The Bitcoin Cash hard fork is perhaps the most discussed upon and controversial hard fork witnessed by the Bitcoin network to date. The roots of the Bitcoin Cash hard fork can be traced back to when the SegWit upgrade was proposed. A section of the Bitcoin community at the time vehemently opposed the SegWit upgrade and came up with a proposal that is now known the world over as Bitcoin Cash.
Among other features, the Bitcoin Cash proposal aimed to increase the Bitcoin network block size to 8MB. In addition, the transaction speed was also increased to 60 transactions per second in contrast to Bitcoin network’s 7 transactions per second. While at the surface the Bitcoin Cash hard fork might seem like a beneficial proposal, it vastly compromised the decentralized nature of the Bitcoin network.
Today, Bitcoin Cash (BCH) ranks among the top cryptocurrencies in the world with a market cap of more than $12 billion and is led by Roger Ver, known as the ‘Bitcoin Jesus’ in the crypto circles.
With the continual upgrades and reiterations of the Bitcoin network as it grew in stature, a section of the Bitcoin community started to criticize the network on account of it becoming too centralized for its own good. This was because as Bitcoin rose in price, a larger number of BTC miners flocked toward the Bitcoin mining space, which, in turn, made the mining market more competitive and necessitated the use of sophisticated Bitcoin mining machines to be able to profitably mine the leading cryptocurrency.
The complex nature of Bitcoin mining puts the individual Bitcoin miners with their CPUs and GPUs out of competition. Against this backdrop, in 2017 a group of Bitcoin Core developers forked out Bitcoin Gold from the Bitcoin network in hopes of getting the BTC ecosystem back to its original mining infrastructure. In addition, Bitcoin Gold also greatly reduced the time it took to confirm transactions (2.5 minutes Vs. 10 minutes on the Bitcoin network).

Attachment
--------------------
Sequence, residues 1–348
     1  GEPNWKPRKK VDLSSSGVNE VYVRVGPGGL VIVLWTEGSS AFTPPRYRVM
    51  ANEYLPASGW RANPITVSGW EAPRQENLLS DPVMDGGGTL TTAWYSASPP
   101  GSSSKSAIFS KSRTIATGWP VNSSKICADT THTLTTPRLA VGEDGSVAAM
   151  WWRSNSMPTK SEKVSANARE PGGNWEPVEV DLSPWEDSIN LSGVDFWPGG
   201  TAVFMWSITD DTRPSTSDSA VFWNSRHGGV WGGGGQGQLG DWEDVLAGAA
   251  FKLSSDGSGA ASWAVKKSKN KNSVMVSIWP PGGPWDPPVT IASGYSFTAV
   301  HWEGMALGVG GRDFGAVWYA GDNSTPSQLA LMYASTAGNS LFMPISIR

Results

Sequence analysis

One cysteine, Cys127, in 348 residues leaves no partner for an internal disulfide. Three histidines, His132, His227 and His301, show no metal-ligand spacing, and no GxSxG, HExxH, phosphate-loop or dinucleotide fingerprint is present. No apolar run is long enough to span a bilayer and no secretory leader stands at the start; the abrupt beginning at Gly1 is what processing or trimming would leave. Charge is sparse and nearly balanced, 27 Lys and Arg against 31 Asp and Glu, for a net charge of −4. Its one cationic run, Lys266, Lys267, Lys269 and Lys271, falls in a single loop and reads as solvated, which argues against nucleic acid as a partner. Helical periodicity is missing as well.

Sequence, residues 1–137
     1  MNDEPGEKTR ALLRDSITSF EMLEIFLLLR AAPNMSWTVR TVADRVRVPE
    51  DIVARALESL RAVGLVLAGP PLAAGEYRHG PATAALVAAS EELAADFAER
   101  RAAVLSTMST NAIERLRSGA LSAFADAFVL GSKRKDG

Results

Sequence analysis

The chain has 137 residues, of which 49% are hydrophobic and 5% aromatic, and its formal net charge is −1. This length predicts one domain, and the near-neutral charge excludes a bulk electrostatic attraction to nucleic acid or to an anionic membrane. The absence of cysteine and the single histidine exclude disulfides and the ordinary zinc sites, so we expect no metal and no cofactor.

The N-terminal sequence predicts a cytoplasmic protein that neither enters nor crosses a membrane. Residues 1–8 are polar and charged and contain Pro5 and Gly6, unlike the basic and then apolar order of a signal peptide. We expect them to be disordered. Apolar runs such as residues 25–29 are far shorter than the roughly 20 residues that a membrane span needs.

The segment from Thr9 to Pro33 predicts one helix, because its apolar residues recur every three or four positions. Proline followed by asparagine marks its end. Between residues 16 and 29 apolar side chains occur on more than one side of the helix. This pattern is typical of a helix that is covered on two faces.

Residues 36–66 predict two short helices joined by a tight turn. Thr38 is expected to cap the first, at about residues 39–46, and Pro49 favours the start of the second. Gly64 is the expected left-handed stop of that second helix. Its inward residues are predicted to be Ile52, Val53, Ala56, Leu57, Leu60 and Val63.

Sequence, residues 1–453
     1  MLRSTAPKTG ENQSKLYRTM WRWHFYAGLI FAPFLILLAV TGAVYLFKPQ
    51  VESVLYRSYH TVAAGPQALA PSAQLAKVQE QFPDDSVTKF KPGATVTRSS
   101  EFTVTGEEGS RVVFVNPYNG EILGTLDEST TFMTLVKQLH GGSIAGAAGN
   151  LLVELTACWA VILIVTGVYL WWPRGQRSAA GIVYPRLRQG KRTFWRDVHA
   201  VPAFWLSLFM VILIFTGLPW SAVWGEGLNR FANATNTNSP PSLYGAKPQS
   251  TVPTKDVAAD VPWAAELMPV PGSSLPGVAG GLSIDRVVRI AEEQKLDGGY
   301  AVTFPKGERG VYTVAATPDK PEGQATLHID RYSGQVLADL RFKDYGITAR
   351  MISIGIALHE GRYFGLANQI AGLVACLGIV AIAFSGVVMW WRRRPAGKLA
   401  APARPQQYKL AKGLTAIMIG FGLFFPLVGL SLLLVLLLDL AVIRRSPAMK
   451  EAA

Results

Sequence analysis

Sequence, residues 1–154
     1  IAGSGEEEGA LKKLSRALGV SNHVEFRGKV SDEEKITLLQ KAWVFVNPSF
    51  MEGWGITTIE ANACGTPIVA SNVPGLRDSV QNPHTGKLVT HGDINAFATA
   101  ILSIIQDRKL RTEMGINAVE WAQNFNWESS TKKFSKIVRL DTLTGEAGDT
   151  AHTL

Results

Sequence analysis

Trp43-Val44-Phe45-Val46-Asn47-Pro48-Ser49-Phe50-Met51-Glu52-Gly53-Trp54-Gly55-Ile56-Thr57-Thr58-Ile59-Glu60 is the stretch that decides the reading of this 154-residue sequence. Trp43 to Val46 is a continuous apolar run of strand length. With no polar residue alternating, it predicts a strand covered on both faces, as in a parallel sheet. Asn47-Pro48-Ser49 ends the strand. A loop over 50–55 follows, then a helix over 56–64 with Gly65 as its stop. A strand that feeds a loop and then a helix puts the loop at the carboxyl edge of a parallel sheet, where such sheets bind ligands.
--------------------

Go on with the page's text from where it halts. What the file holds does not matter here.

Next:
Now that we have discussed the major hard forks experienced by the Bitcoin network to date, let us quickly discuss why these hard forks, or in common parlance, upgrades are so necessary.
Why Are Bitcoin Upgrades Necessary?
As you might have known by now, any upgrade proposed for the Bitcoin network is primarily geared toward bringing performance efficiency to the underlying blockchain network, be it in terms of speed, scalability, decentralization, or transaction throughput.
Being the first of its kind and perhaps the most famous application of blockchain technology to date, it is not only important but essential for Bitcoin to continue to upgrade itself with the changing times.
As we read in the previous section, the large majority of BIPs were aimed toward bringing some degree of performance efficiency to the Bitcoin network while some of them were also motivated by monetary gains and in attempts to take over the control of the Bitcoin network and make it more centralized. While Bitcoin upgrades can temporarily make things a little complicated for the entire crypto ecosystem, it must be noted that the aim of these upgrades is to ultimately benefit the Bitcoin ecosystem at large.